Review: Fios by Stewart Sanderson

Knowledge, Which You Don’t Have Yet

I’m always suspicious of back cover notes that insist a book “marks the emergence of an important new voice” aware that the poets’ friends are often invited to write the same, or a publisher with an eye to sales. Fair enough. On this occasion, however, I must agree.

Edwin Morgan Poetry Award shortlisted Stewart Sanderson’s sensational debut pamphlet Fios (pronounced ‘fiss’ I learn) not only offers the promise of a major new Scottish voice, but one that, although rooted in his devotion to the Scots language and landscape, has something to say we all might want to hear.

Sanderson’s work demands you visit or revisit works of art, amateur black and white film footage or recall the dimly remembered history of a revolutionary poet, because only by doing so can we can plug into the ‘fios’ – “knowledge, which you don’t have yet” (from ‘Fios’, appropriately the first poem in the collection) – which Sanderson’s work, on careful examination, gives up.

Poetry tells you things you know but do not know you know, shines light into the dark corners of things, offers a sense of something better understood. It peels back sensibilities in the same way Sanderson’s fine poem ‘Tradition Bearer’ peals back centuries from the moment his downstairs neighbour pushes a “pound note” under his infant pillow so he should “dae right” to…

“a very ancient man

with a face like teak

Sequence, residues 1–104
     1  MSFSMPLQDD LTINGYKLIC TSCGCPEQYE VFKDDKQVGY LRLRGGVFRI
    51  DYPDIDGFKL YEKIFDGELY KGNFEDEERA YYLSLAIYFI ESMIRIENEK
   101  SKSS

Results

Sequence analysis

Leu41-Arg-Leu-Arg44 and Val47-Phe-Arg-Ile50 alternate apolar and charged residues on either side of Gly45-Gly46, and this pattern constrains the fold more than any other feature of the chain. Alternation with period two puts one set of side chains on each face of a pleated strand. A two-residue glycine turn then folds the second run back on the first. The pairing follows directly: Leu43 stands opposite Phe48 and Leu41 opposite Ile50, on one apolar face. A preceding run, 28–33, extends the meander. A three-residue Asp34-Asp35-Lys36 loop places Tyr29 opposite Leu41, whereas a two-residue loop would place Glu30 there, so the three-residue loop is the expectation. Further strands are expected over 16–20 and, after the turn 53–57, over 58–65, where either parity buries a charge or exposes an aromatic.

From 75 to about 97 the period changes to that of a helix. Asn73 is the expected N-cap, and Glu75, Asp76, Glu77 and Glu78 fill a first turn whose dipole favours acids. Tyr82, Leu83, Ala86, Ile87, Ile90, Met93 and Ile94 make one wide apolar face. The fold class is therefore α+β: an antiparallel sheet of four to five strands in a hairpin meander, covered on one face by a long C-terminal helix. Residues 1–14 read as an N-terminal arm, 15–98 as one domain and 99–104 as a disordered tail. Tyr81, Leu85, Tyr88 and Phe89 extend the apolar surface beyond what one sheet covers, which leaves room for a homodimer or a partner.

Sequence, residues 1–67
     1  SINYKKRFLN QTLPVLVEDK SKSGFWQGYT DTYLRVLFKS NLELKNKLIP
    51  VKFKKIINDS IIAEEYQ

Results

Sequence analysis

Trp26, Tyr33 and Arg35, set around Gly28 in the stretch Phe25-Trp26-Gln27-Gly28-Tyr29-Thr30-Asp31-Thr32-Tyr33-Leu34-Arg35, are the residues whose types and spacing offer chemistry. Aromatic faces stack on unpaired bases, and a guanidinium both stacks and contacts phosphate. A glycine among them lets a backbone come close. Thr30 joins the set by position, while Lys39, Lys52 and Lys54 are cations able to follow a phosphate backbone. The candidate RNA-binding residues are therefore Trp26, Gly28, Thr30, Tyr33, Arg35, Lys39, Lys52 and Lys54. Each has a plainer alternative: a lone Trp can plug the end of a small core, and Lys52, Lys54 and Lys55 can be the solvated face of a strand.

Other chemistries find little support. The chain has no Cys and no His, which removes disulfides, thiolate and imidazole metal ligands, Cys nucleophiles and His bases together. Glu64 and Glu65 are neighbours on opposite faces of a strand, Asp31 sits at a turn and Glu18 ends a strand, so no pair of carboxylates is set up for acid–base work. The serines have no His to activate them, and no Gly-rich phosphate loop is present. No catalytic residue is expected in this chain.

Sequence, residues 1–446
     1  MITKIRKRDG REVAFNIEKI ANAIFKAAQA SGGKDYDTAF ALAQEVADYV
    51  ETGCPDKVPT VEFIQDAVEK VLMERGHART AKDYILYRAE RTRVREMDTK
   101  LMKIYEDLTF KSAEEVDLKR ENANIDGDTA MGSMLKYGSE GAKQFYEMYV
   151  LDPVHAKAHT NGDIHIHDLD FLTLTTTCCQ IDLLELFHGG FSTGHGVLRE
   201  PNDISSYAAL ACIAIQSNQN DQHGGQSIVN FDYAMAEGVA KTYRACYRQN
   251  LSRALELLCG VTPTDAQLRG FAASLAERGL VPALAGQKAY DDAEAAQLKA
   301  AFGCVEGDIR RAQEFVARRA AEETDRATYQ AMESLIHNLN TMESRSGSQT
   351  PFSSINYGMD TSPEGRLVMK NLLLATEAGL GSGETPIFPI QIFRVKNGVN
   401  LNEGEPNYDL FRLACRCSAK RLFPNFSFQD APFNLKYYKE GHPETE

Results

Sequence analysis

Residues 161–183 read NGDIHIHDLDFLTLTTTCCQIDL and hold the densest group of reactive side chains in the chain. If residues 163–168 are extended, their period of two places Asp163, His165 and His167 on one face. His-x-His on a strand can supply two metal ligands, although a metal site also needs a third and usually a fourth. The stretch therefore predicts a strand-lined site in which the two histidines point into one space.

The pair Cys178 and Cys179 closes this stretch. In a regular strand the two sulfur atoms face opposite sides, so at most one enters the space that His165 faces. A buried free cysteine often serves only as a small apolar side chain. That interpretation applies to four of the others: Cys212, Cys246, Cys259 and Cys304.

a voice the colour of smoke

(who) said when he was four

he could mind the boy riding

white-faced through the village, shouting

Culloden was lost.”

Not only does Sanderson perfectly articulate a sense of belonging in our own histories but, as other poems show, a sense of belonging in the Scots language as well. Yes, I had to Google words from old Scots, words like “crotal” (sheep bells), “waulking songs” (songs sung by women beating tweed to soften it), “smirr” (drizzly rain) and “cladach” (beach or shore), but these may be better known to some Scots readers and their discovery and the richness of their sounds added a fresh dimension to my own joy in the work. Listen to the onomatopoeia he seizes from the use of “cladach” in ‘Botticelli’s Illustration for Purgatorio 11’ for instance: “the calm cladach / where sea-sick spirits wretch.”, shore just wouldn’t have done it.

And yes, I did need to reacquaint myself with those paintings and histories, for at twenty-five, Sanderson is very wise and mightily well-informed. But then he rewards research a hundred-fold by offering new perspectives or exploding the expectations of early iconographic interpretations, as in ‘Portrait of a Young Married Couple’ inspired by Jan Van Eyck’s famous painting…

“That terrier we see

between the lovers’ legs would sooner steal

a chop than symbolise their hearts’ desires.”

No Renaissance symbol of marital fidelity and love there, then? Here is a poet who writes of love with a lyrical simplicity as in ‘Early Afternoon in America’,

“I miss your tenement

where sleep grows,

softer than some rare

beast’s fur”

but who also retains a deep understanding of the craft of poetry, has the measure of free verse in his bones and, it seems, the invisible scaffolding of more formal structures at his beck and call.

This is a small book of big ideas by a poet who will no doubt confirm in time the self- fulfilling prophesy on the back cover.

 

– Macavity

 

Fios by Stewart Sanderson
Tapsalteerie, RRP £5.00, 39pp

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